When you bear in mind that presidential nominations are determined not by how the candidates fare in national polls of their party's voters, but rather by how they perform in the earlier primaries, you come to some interesting conclusions as to the situation facing Republicans in 2012:
- The first primary (technically a caucus, although that makes little difference insofar as the vital task of establishing perceived political momentum is concerned) will be held in Iowa on January 16th. Early polls have consistently shown Mike Huckabee with a solid lead there, and there is little reason to think he won't be able to keep it over the next year, given that (a) he won that state in 2008 and (b) he is considered to be the most electable of the candidates who appeal to that ideological section of the GOP (which dominates the Iowa Republican party), making it unlikely that potential alternatives like Palin or Gingrich will be able to cut into his support. Should he win, it will automatically give him much-needed national attention and establish his status as one of his party's chief contenders for the nomination. Meanwhile, Romney will probably place a reasonably successful second (which is perfectly fine for him, since he isn't expected to win that state anyway) and thus continue to be in a position of strength, while Palin, Gingrich, and the other far right candidates will find themselves in considerable trouble, as the desire of their movement to unite around one candidate (and ideally the strongest one) will cause much of their support to leak over to Huckabee.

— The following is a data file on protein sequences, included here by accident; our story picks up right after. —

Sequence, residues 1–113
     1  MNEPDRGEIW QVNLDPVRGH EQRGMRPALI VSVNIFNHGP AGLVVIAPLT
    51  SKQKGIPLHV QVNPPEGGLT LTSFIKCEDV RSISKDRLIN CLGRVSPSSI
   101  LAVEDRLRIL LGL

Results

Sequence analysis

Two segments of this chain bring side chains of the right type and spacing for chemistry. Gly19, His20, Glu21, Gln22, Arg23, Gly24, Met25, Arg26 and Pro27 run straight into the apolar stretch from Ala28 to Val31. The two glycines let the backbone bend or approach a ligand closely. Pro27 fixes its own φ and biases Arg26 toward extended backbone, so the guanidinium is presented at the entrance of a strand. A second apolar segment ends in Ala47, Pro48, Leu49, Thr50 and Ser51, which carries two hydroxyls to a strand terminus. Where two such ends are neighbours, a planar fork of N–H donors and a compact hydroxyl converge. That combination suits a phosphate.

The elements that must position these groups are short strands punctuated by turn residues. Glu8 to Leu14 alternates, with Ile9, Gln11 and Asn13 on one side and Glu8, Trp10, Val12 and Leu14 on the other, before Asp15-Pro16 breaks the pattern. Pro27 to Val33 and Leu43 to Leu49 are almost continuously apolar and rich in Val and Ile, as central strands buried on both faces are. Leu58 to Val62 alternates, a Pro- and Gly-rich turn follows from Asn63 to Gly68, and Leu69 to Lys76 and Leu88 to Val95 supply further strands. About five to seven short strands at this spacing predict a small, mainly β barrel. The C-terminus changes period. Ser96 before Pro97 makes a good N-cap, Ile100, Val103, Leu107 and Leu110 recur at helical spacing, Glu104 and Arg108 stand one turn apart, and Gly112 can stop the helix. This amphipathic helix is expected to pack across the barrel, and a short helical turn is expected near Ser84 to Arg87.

- The second primary will be held in New Hampshire on January 24th. Early polls here have shown Romney winning by an overwhelming margin, with all of the other candidates posting returns so small as to be politically inconsequential. Once again, the chances are strong that Romney will able to keep this lead, given both the Granite State GOP's comparatively moderate character and Romney's own geographic proximity to its borders. This victory will prove extremely significant for Romney, as it will (a) establish him as a viable political contender on par with Huckabee for the GOP nomination and (b) solidify his status as the candidate for Republican moderates. Huckabee is unlikely to be hurt by his poor showing in New Hampshire for much the same reason that Romney won't be hurt by Iowa (i.e., he isn't expected to do well there), although it is likely that this state will deal a death blow to the chances of every other prominent Republican contender. Even if candidates like Palin and Gingrich don't drop out after this state, it is unlikely that they will be major factors in the primary process after this point.
- This is where things get tricky. Once the nomination contest has effectively narrowed down to a battle between Mike Huckabee and Mitt Romney, supporters of the other candidates will begin flocking to one of the two camps en masse, something that has to be taken into account when looking at polls for the remaining states. My suspicion is that Huckabee will try to win the remaining primary voters by appealing to them as a champion of the Christian Right, as someone who has actively courted the Tea Party (unlike Romney, which I will get to in a moment), and as a more reliable conservative than Romney, whose support of an Obamacare-esque health care reform program in Massachusetts, flip-flopping on abortion, coldness toward the Tea Party, and Mormon faith will all be liabilities among much of his party's right-wing base (the last variable will be less explicitly stated, of course). Romney, on the other hand, will try to present himself to these voters as being both sufficiently conservative to deserve a Republican nomination (primarily by citing his fiscal record as Governor of Massachusetts) and yet better equipped to win the general election than Huckabee. This latter claim will be backed up by Romney's biography (which, given his career as an extremely successful business fixer-upper, will be very appealing in an election that focuses on economic issues), his superior standing in match-offs against Obama in polls, and his overall image as a moderate whose distance from the party's controversial groups (mainly the Tea Party and the Christian Right) will make him more palatable to swing voters in the general election.